The game takes place in the late twenty-second century. Mankind can now travel throughout the galaxy at will and naturally they have encountered a variety of alien species. Mankind, being mankind, doesn't get on too well with certain alien species and there is a certain level of mistrust towards the humans (the humans also naturally untrusting of course). When the game begins the humans don't have any say in the Citadel Council. The storyline in this first of three games essentially revolves around a rogue Turian Spectre named Saren (Spectres being agents from the Office of Special Tactics and Reconnaissance and they essentially have a free hand to do as they wish in order to get the job done). Saren has been abusing his power to extract information from alien artefacts and to order the Geth (an aggressive humanoid race) to attack planets. As Commander Shepard, it's your job to stop Saren. It's a storyline that has its share of twists and surprises.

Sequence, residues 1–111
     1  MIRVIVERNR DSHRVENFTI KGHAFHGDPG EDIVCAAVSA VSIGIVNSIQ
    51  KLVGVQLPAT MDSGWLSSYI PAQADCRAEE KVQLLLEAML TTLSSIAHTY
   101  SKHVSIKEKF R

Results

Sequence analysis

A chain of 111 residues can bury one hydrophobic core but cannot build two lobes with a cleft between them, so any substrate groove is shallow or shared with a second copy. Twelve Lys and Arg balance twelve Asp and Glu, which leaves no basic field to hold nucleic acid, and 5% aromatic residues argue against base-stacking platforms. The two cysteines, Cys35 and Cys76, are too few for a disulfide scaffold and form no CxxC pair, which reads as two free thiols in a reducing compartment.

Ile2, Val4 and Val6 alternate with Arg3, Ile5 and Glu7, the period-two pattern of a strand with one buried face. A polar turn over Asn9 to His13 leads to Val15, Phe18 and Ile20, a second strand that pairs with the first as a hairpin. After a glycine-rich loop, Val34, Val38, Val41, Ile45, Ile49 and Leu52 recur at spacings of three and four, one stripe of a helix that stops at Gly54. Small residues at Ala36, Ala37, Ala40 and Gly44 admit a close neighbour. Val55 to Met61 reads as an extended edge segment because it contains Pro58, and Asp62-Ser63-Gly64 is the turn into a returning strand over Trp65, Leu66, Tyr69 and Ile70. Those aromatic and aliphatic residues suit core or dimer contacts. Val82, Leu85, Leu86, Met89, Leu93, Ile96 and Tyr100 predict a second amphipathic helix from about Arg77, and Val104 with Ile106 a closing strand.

There can be no denying that Mass Effect definitely has that wow factor that you'd expect from an RPG that's been designed for the Xbox 360. It's not a perfect game by any stretch of the imagination however. To begin with there are quite a few performance issues which we'll go into detail about in the next paragraph. I wasn't happy with the tutorial information in the game. It didn't explain the combat system well enough and there were several details I felt were not explained clearly enough. Whilst the game is pretty good in respects to how your decisions influence the game's progress, at times it felt like your dialogue choices made no difference at all. I played the game using two very different characters and there were times when those differences had a bearing on the events and there were others when it didn't appear to make any difference at all. The storyline just isn't as engaging as it was in Star Wars: Knights of the Old Republic. Don't get me wrong, it's an interesting storyline and it's difficult to comment on the quality when you are only looking at the first of three parts, but I never had the feeling that I wanted to continue playing to see how things progressed. The sections of the game when you control the Mako (an infantry fighting vehicle) are tedious and the game would have been better for having these sections removed. You can't always save where you want to. I realise that you shouldn't be able to save during a battle but at times (mainly when driving the Mako), it just won't let you save for no apparent reason. On several occasions I've had to exit the Mako before being able to save and have then had to get back in the Mako, which is a rather odd state of affairs.